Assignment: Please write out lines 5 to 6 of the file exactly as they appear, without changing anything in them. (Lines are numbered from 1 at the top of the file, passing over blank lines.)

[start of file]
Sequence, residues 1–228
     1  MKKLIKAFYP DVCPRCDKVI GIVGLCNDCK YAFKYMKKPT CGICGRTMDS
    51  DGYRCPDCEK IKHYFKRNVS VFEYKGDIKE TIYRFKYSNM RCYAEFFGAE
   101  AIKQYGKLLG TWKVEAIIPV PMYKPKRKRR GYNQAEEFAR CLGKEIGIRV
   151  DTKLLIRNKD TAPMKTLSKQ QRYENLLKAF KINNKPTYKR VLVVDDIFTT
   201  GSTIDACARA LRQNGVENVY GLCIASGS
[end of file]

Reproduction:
   151  DTKLLIRNKD TAPMKTLSKQ QRYENLLKAF KINNKPTYKR VLVVDDIFTT
   201  GSTIDACARA LRQNGVENVY GLCIASGS